Personal Stories: James

June 27, 2017

To be honest, before my mother was diagnosed with Alzheimer’s, I had a very limited understanding of dementia and the impact that it can have on the sufferer or on those closest to them. Although I remain healthy at this time, it is a concern to note that the occurrence of dementia is on the increase and already touches most families at one level or another. It could be my turn or yours one day.

Whilst, it’s heartening to see stories of sufferers who manage somehow to retain their dignity and a reasonable quality of life, from my experience, it would seem that each case is unique and personal. Children's author Terry Pratchett was fortunate enough to be able to continue working almost until the end, but sadly that was not the case for my mother. It was heartbreaking to watch her slow decline with no hope of a positive outcome. That, I suppose, is what motivates me now to write. By identifying issues early, there is a greater chance of stabilising the condition and delaying the inevitable outcome. Unfortunately, denial was an important factor in mum’s story.

Like Pratchett, mum had early onset Alzheimer’s, which is relatively rare. In hindsight, we can now identify events that indicated a problem long before her final diagnosis, probably as early as her mid-fifties. Initially, the family was unaware of mum's condition, because she was outwardly healthy and relied heavily on my father for support with anything that required thought. Being a very traditional married couple, this was somehow not unusual and my father kept his concerns to himself for a very long time.

It was only when dad suffered a debilitating stroke that mum's issues became apparent. My brother and I tried having mum stay with our families, hoping to offer her the care she needed, but although not diagnosed at that time, she was already quite advanced in her condition. Her belongings would mysteriously disappear around the house and she would automatically accuse my then 3-year-old son, not realising, or not wanting to admit, that in fact she had moved them and had simply forgotten. Her short-term memory was already suffering.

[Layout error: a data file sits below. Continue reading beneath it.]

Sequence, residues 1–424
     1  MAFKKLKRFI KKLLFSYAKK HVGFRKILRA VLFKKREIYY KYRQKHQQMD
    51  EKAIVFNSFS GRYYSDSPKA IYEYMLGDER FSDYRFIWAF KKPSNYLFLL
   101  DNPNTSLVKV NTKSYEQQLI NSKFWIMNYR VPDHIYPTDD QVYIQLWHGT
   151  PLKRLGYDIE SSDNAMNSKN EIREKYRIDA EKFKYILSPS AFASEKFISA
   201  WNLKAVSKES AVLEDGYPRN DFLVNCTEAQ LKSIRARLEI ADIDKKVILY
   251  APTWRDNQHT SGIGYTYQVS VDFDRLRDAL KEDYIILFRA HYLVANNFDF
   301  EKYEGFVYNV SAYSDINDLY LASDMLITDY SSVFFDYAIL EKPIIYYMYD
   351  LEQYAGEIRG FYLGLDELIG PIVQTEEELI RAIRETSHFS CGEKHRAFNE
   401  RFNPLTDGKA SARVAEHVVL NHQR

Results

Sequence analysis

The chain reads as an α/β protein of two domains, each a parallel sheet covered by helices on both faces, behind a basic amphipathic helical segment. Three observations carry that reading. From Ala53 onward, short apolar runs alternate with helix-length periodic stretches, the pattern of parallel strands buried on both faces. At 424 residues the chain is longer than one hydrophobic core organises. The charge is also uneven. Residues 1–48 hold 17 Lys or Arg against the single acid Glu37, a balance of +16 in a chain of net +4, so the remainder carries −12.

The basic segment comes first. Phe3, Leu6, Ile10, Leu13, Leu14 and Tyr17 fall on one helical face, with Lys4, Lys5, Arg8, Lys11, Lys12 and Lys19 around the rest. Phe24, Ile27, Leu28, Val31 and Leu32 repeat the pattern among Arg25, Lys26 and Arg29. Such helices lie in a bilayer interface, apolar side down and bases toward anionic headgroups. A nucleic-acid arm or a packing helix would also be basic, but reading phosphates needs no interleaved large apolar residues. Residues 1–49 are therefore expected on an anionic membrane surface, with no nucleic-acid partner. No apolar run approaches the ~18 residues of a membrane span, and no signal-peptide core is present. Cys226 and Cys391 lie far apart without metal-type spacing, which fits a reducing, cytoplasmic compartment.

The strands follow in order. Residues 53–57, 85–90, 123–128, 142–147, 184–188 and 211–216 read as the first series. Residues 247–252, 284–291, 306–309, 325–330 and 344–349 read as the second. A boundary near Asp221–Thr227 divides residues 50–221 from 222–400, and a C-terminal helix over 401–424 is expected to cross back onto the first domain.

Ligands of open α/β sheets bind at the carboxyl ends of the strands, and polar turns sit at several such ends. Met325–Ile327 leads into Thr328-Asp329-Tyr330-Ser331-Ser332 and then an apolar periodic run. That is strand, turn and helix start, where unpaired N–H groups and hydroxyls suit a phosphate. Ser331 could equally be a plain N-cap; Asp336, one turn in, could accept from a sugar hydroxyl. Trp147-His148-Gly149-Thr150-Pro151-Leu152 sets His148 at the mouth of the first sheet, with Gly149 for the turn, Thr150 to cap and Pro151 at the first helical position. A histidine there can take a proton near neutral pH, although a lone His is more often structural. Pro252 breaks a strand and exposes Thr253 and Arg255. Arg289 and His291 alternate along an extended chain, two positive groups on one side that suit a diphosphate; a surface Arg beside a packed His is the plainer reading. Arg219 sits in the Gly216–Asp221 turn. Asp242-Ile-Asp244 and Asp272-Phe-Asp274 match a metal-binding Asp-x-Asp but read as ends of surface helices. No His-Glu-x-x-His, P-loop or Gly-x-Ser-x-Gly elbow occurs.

The diagnosis process was educational. It seemed to take many months and left us in limbo, not knowing what the verdict would be. There was one notable appointment with a mental health specialist who had the bedside manners of Attila the Hun. Out of the blue, he turned to my mother and in a very patronising voice and asked, “ you feel as though you’re losing your mind?” The poor lady didn’t know what to answer or how to take him. It seemed to give him some perverse pleasure to watch her struggle and left me feeling anger that he could be so thoughtless and so lacking in compassion.

This was a distressing time for all concerned, and we eventually had to face a tough decision with regards to mum’s future. In the end, we sought a place in a care home where she could be well looked after. Although this was far from ideal, we were faced with the choice of failing mum or failing our children because we certainly couldn’t adequately deal with both. We did what I think she herself would have wanted by prioritising the children, who were all of pre-school age. To be clear, dad by this time was completely bed ridden and unable to offer mum any form of support and eventually died just a few years later.

Selecting a care home in itself was not easy and we had to make changes along the way. It was shocking to see how poorly understood the condition is. For homes that lacked proper training or simply lacked sufficient staff, medication seemed to be routinely administered to keep her quiet and as immobile as possible. Eventually, my brother managed to have her admitted to a specialist unit, where things were much better and the medication reduced to a minimum. There is a shortage of such facilities though, so we had to look beyond our immediate area.

In the 10 years that mum lived with the Alzheimer’s diagnosis (15 years in total by my assessment), she went from a healthy, active lady to a shadow occupying a bed permanently. Even towards the end, I had a feeling that she was slipping in and out of an awareness of her circumstances. It was impossible to know though as there was no clear attempt to communicate.